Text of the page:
A Great and Terrible Beauty has a lot of power trippin' going on, and it is not always to do with magic. Think about the society Gemma is a part of: there is patriarchal power, elder power, class/wealth power, power of beauty, and personal power over others by means of character. We are thinking about how the four girls share power and also have power over each other and over the other girls at Spence. And that's all just in the real world.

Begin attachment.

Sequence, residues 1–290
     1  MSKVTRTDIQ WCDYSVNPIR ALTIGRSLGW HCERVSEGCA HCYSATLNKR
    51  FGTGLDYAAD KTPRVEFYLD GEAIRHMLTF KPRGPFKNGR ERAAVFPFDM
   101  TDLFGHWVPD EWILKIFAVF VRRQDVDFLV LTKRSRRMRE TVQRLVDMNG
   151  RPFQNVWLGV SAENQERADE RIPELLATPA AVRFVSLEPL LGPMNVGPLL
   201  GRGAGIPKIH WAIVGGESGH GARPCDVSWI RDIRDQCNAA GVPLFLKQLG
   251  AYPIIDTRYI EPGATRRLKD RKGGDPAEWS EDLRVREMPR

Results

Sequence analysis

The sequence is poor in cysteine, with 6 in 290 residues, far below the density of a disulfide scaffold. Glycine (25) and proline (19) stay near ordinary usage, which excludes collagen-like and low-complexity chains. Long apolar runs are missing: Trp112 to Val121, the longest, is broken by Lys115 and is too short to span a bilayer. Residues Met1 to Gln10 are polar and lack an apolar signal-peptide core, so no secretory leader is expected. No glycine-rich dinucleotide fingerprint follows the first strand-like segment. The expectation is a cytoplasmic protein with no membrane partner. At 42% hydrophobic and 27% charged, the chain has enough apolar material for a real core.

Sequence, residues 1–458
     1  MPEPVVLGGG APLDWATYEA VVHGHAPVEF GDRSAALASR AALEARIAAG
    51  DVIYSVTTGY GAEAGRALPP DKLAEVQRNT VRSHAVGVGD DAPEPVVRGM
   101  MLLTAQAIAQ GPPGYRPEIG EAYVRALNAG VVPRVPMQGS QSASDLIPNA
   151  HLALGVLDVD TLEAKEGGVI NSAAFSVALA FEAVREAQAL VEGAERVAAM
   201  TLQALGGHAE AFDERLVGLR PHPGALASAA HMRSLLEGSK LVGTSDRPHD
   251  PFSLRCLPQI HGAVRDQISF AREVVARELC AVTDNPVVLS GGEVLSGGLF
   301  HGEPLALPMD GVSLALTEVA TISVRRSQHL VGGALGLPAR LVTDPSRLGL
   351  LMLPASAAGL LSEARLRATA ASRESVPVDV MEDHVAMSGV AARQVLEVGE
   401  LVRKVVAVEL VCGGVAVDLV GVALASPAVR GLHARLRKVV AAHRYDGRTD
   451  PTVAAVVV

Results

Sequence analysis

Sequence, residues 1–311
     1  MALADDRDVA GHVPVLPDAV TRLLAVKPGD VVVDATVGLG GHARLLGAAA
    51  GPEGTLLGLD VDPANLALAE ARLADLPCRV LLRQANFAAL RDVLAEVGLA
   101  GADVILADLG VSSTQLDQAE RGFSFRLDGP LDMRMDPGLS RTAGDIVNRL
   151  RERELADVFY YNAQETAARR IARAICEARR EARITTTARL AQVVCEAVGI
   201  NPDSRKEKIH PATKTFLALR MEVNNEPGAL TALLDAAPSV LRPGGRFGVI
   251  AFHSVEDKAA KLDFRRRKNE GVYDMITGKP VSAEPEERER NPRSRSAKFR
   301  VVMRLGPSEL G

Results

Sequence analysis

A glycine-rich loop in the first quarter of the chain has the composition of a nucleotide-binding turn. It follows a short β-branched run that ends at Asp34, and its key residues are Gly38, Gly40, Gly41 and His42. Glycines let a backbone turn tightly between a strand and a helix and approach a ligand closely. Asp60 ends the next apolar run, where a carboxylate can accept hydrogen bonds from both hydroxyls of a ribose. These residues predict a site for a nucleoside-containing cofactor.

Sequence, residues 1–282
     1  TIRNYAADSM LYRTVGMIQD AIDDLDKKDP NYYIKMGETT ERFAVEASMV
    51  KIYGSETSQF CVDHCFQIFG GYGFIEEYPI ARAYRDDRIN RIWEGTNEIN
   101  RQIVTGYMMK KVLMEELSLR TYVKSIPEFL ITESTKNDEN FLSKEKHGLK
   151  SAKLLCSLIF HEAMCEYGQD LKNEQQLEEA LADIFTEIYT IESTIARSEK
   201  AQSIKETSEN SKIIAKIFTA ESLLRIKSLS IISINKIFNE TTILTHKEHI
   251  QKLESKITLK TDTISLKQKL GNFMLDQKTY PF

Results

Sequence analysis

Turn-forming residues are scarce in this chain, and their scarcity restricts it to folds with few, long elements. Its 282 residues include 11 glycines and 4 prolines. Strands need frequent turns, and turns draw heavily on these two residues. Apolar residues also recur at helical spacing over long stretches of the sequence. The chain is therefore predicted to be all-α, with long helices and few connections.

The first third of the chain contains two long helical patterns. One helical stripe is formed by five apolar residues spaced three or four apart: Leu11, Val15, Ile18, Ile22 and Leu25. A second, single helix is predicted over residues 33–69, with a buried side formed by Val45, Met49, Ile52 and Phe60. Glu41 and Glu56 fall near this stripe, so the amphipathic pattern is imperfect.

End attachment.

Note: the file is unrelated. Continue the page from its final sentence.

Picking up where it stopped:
Questions About Power
How can we tell who has power in this story?
What kind of power does Gemma have? How about Felicity? Pippa?
Is there a difference in power between gender roles? Who has more power? Why? How does this affect the plot of the story?
How does power work between the classes? How does this affect Ann?
Chew on This
The argument this book makes about power is that it isn't real, but an illusion—like magic.
Patriarchal power and its customs are what Gemma and her friends are really fighting against in this book. The magical elements just make it fun.